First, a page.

It has been a topsy-turvy start to the third decade of this century. COVID-19 has brought with it many disruptions.
Coronavirus has significantly changed the contours of professional life.
These days, home is the new office.
The Internet is the new meeting room.
For the time being, office breaks with colleagues are history.
I have also been adapting to these changes. Most meetings, be it with minister colleagues, officials and world leaders, are now via video conferencing.
In order to get ground level feedback from various stakeholders, there have been videoconference meetings with several sections of society. There were extensive interactions with NGOs, civil society groups and community organisations. There was an interaction with Radio Jockeys too.
Besides that, I have been making numerous phone calls daily, taking feedback from different sections of society.
One is seeing the ways through which people are continuing their work in these times. There are a few creative videos by our film stars conveying a relevant message of staying home. Our singers did an online concert. Chess players played chess digitally and through that contributed to the fight against COVID-19. Quite innovative!
The work place is getting Digital First. And, why not?
After all, the most transformational impact of Technology often happens in the lives of the poor. It is technology that demolishes bureaucratic hierarchies, eliminates middlemen and accelerates welfare measures.
Let me give you an example.
When we got the opportunity to serve in 2014, we started connecting Indians, especially the poor with their Jan Dhan Account, Aadhar & Mobile number. This seemingly simple connection has not only stopped corruption and rent seeking that was going on for decades, but has also enabled the Government to transfer money at the click of a button. This click of a button has replaced multiple levels of hierarchies on the file and also weeks of delay.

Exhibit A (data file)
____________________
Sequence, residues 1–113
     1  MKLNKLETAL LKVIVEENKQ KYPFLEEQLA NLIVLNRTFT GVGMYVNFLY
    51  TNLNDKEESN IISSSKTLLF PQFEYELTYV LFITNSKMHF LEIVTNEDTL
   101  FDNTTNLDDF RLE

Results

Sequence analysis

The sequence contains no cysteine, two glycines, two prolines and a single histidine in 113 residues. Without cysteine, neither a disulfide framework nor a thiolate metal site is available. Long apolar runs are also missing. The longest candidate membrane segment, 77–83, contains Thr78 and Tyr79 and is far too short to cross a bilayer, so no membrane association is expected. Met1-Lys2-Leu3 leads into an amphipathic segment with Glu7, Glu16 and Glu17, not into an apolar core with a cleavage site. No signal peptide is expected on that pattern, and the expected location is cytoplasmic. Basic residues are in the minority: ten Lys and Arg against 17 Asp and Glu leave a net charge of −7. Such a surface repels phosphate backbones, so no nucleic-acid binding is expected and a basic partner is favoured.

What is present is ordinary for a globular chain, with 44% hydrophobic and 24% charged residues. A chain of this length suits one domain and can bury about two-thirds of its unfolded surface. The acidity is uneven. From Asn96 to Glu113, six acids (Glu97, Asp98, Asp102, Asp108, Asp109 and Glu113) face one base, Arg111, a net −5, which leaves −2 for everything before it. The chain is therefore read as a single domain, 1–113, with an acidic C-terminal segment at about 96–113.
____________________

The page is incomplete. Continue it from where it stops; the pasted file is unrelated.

India has perhaps the largest such infrastructure in the world. This infrastructure has helped us tremendously in transferring money directly and immediately to the poor and needy, benefiting crores of families, during the COVID-19 situation.
Another case in point is the education sector. There are many outstanding professionals already innovating in this sector. Invigorating technology in this sector has its benefits. The Government of India has also undertaken efforts such as the DIKSHA Portal, to help teachers and boost e-learning. There is SWAYAM, aimed at improving access, equity and quality of education. E-Pathshala, which is available in many languages, enables access to various e-books and such learning material.
Today, the world is in pursuit of new business models.
India, a youthful nation known for its innovative zeal can take the lead in providing a new work culture.
I envision this new business and work culture being redefined on the following vowels.
I call them- vowels of the new normal- because like vowels in the English language, these would become essential ingredients of any business model in the post-COVID world.
The need of the hour is to think of business and lifestyle models that are easily adaptable.
Doing so would mean that even in a time of crisis, our offices, businesses and commerce could get moving faster, ensuring loss of life does not occur.
Embracing digital payments is a prime example of adaptability. Shop owners big and small should invest in digital tools that keep commerce connected, especially in times of crisis. India is already witnessing an encouraging surge in digital transactions.